The 2024 Land Rover Range Rover EV: Everything You Need to Know
Land Rover's first true electric vehicle could emerge very soon.
Land Rover is overhauling its product lineup. Every model of SUV the company sells will offer a battery-electric option by 2030 — by which point Land Rover expects 60 percent of its vehicle sales to be electric. The Range Rover EV, an all-electric version of the new Range Rover, will be the first electric model. It joins the lineup in 2024, which means we could see it launch sometime in 2023.
We should find out more about the 2024 Range Rover EV, from sources official and unofficial, later this year. But here's what we know about the new electric SUV so far.
The Range Rover EV will be the first electric Land Rover from the factory, followed by a Range Rover Sport EV and an electric version of the Defender. Three more to-be-announced Land Rover EVs will join at a later date.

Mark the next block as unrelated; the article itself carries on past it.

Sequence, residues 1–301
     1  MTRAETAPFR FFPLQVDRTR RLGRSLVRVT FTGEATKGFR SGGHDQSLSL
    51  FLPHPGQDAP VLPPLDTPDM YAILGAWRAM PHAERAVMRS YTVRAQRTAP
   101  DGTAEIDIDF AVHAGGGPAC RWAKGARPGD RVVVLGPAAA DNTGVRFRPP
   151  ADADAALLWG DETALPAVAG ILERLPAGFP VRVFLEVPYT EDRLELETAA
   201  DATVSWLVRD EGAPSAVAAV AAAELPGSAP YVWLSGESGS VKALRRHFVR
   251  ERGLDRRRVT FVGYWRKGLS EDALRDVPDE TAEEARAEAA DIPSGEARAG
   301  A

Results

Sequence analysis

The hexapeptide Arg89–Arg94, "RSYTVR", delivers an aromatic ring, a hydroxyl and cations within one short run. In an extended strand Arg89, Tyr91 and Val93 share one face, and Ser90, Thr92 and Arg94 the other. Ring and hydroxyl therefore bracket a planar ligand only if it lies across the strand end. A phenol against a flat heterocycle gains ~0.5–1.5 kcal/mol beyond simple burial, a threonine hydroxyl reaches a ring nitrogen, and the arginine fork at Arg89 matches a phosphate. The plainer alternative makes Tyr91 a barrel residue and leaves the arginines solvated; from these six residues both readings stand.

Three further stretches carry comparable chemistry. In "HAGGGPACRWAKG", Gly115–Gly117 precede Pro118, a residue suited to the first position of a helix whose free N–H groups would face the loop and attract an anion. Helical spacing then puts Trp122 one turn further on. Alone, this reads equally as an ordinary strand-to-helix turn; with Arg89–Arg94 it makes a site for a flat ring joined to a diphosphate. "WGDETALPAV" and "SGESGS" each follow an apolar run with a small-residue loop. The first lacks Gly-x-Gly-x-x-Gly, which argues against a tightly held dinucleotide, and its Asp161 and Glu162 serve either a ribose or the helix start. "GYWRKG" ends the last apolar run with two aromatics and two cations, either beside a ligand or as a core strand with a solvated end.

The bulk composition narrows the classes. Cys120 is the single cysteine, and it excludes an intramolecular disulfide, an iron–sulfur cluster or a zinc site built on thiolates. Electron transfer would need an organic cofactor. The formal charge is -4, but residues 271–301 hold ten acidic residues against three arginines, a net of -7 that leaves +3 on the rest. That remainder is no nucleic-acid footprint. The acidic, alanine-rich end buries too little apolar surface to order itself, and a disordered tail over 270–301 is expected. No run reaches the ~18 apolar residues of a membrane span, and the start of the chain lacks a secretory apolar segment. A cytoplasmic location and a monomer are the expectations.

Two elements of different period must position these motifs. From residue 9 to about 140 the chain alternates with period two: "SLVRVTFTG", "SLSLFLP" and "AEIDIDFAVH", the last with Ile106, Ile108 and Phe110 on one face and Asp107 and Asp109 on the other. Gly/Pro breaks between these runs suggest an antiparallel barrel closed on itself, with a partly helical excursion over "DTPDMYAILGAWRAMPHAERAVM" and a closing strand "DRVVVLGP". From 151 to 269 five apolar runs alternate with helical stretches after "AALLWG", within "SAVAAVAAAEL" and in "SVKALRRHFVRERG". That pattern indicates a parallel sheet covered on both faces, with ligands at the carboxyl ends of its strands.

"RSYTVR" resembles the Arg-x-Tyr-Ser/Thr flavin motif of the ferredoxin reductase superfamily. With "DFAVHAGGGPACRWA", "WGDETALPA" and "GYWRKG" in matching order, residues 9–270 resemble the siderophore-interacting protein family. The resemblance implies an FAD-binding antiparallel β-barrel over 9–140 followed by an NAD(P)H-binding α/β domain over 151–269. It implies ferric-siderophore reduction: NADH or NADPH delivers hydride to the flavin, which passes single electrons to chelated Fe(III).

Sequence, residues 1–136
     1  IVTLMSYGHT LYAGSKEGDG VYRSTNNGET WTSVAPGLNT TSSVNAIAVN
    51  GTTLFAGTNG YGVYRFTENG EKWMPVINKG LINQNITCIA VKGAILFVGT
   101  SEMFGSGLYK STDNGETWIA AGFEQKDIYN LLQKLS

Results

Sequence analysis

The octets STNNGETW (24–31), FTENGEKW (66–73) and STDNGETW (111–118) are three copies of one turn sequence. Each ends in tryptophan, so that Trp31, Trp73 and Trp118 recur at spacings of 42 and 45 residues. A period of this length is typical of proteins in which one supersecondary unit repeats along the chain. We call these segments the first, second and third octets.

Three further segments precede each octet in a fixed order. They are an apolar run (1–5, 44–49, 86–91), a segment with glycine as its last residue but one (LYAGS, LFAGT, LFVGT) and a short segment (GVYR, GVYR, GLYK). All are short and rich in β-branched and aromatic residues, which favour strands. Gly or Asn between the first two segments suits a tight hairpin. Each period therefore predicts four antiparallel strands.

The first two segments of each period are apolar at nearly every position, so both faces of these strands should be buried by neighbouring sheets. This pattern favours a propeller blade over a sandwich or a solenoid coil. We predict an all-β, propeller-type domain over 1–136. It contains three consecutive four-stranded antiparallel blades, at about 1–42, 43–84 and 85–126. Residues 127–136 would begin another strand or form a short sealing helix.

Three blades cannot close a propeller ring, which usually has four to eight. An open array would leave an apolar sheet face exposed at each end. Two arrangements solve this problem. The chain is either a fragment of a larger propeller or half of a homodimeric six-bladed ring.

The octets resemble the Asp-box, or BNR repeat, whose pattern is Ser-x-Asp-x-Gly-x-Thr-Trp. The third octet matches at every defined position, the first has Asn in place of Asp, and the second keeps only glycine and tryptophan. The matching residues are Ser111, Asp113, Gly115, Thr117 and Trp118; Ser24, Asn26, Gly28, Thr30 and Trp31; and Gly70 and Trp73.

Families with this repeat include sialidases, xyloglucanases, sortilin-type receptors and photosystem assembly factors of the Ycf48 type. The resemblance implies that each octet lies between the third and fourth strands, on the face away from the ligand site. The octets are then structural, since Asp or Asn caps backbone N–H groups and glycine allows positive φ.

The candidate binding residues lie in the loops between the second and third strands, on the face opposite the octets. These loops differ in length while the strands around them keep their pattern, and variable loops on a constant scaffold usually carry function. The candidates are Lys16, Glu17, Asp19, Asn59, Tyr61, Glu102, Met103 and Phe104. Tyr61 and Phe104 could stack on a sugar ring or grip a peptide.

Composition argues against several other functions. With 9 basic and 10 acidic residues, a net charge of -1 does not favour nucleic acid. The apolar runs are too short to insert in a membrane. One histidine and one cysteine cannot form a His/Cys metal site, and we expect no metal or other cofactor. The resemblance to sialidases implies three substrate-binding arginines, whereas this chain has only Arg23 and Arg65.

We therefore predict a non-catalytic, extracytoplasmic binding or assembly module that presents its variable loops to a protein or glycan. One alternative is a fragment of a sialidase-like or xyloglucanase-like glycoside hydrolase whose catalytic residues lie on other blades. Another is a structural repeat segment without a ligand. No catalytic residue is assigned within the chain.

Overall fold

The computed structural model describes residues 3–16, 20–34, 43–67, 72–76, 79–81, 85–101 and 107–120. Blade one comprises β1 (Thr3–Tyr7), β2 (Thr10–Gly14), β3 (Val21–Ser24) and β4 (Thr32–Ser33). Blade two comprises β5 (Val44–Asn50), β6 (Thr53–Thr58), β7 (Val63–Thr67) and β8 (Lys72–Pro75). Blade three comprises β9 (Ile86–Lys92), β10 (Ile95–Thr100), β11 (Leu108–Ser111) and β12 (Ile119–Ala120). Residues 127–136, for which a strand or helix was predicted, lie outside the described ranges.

With the new generation, the Range Rover moved to the MLA Flex platform, which is designed to accommodate gas, hybrid and full-electric powertrains. It was designed with the electric conversion in mind with a low drag coefficient. We expect it will look fairly similar to the combustion model, perhaps with a fake grille and a few EV-specific design details.
We can use some deductive reasoning. Land Rover equips all of its vehicles for off-roading. Even the Evoque can wade through about two feet of water. It’s a good bet a Range Rover EV will use a dual-motor AWD system.
We wouldn’t be surprised if the EV version exceeds the 523 hp and 553 lb-ft of torque of the current Range Rover's BMW-sourced V8. And Land Rover would likely shoot to be the in the neighborhood of 300 miles of range; they probably won't technically be able to do much more than that, and probably won't be able to sell one with much less than that.
It will be six figures. Using a hybrid platform can help mitigate production and development costs for an EV — you can share components and build it on the same line. But we can still expect it to comfortably exceed the $106,500 (really $108,000 factoring in the destination and handling charge). It could be quite expensive if — as Car and Driver suggests — the EV version only gets the Long Wheelbase, which starts at $170,000 for the combustion model.
If reports are correct, a 'Land Cruiser' could return to America very soon.